As the coronavirus pandemic has caused ballooning unemployment in the United States, what impact has it had on the local real estate market?

One of Tehachapi's top sellers, Linda Clough, said she has listed three homes on the market in the last few weeks alone.

According to Clough, who is a broker associate at Keller Williams in Tehachapi, business before the pandemic was slow as inventory was low.

"It seems like it has been a little bit busier," she said about recent listings.

The CEO of real estate brokerage Redfin recently said there has been an increase in demand for homes in rural areas as people shift away and look to move out of dense urban areas due to the pandemic.

"We have seen that people are more interested in that house at the foot of the mountains by the lake," said Glenn Kelman on CNBC's "Closing Bell." "Rural demand is much stronger right now than urban demand, and that's a flip from where it's been for the longest time, where everybody wanted to live in the city." (https://www.redfin.com/blog/urban-vs-rural-homebuyer-interest-coronavirus/)

Following Gov. Gavin Newsom's mandated social distancing guidelines and California Association of Realtors' guidelines, Clough said she has had to work a little bit harder as a result.

"I sold a house yesterday, and it was really different trying to meet the buyer. A Realtor's smile is everything. With a mask on, you can't portray that," said Clough, who has a been a Realtor in Tehachapi for 30 years.

The process of listing a house before COVID-19 was already turning to a virtual world; however, it has become essential since the first cases were confirmed in the United States.

Clough said she now sends contracts to her listing clients via email, which they are required to sign and fax back to her. Once the contracts are in place, Clough said, she calls her son, Corey Costelloe, who takes photos and video of the house.

Said Clough about social distancing with her last seller, "I tell all the sellers to leave all the lights on and the door unlocked. They basically sat in their car across the street while Corey did that. I have yet to meet my seller face to face."

However, at this stage of the game, Clough said, if someone calls her and asks to see a house, she's going, especially if the house is vacant.

"I put my mask on, and I take my Clorox wipes with me and make sure the other people have their masks on," she said. "It's kinda crazy. Once this paranoia is over with, I think people will still use precautions."

According to Clough, agents now must have buyers sign a form acknowledging that any given house may have additional risks concerning the coronavirus, and that they agree to hold the agent and seller harmless.

Said Clough, "They sign the form, and the seller has to initial it before they can ever go into the house. We have to do that with every buyer."

In addition, all parties are now required to sign a form stating that they understand delays can occur while the house is in escrow should the buyer or seller become directly affected by the virus by either losing their job or becoming sick.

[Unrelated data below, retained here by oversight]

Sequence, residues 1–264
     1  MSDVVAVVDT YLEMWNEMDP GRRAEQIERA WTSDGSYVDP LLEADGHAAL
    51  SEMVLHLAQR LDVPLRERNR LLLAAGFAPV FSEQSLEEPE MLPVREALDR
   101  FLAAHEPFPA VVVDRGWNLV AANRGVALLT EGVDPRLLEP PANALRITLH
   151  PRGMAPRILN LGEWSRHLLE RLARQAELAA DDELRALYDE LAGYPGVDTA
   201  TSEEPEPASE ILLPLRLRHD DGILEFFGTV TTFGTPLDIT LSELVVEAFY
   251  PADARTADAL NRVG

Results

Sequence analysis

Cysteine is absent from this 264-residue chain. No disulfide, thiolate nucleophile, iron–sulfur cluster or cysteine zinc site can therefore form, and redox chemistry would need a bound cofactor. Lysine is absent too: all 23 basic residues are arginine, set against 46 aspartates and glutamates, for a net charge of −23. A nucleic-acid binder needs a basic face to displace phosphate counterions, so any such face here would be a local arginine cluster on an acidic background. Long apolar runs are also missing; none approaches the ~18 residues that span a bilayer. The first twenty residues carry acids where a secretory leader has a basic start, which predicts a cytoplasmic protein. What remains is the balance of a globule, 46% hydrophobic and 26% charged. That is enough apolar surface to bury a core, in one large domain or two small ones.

Diana Williams, owner of RE/MAX Tehachapi, Inc., said she is not seeing a drop in sales. However, she has a number of clients who have chosen to wait until the pandemic is over before they come look at houses.

"They are still calling about the homes that are on the market, but they are waiting until they can go out and look at them," said Williams, who continues to list homes via electronic signatures.

Williams said she is following safety guidelines closely during this difficult time.

"We are asking the sellers to leave their closet doors and cabinet doors open and to leave their lights on so that nobody is touching anything that they don't need to be touching," said Williams.

RE/MAX has virtual tours on many of its online listings, including a matter port which offers a 360-degree view of the home.

Said Williams, "We have the ability to not only put this on our website, but also on realtor.com. That is the goal right now — to get everything up and running on realtor.com so that people can see these video tours."

One of Williams' recent sellers took their own photos, sent them to her and she placed them in her Design Center to create a YouTube video for buyers to view.

"Before COVID, I think it was definitely a seller's market," Williams said. "When people jump back into the market, we will know then what we are facing. No one has a crystal ball, and we don't know what is happening, but we are not seeing price drops at this point."

Costelloe gave credit to local real estate agents for continuing to offer their services to the community.

"I think the local Realtors are managing to do business despite all that's going on. I know that they were designated 'essential' by the governor a couple of weeks back, but that doesn't mean that they continue to do business as normal. I commend them for the changes in the way they do things plus their interaction with owner-occupied homes by adopting a new protocol," said Costelloe, who attended the last virtual Tehachapi Area Association of Realtors' meeting this month on behalf of the city of Tehachapi as its economic development coordinator.

Costelloe foresees paper documents becoming a thing of the past in the days ahead, even after the economy returns to normal.

"This will probably be the new normal for them when this is all over," he said.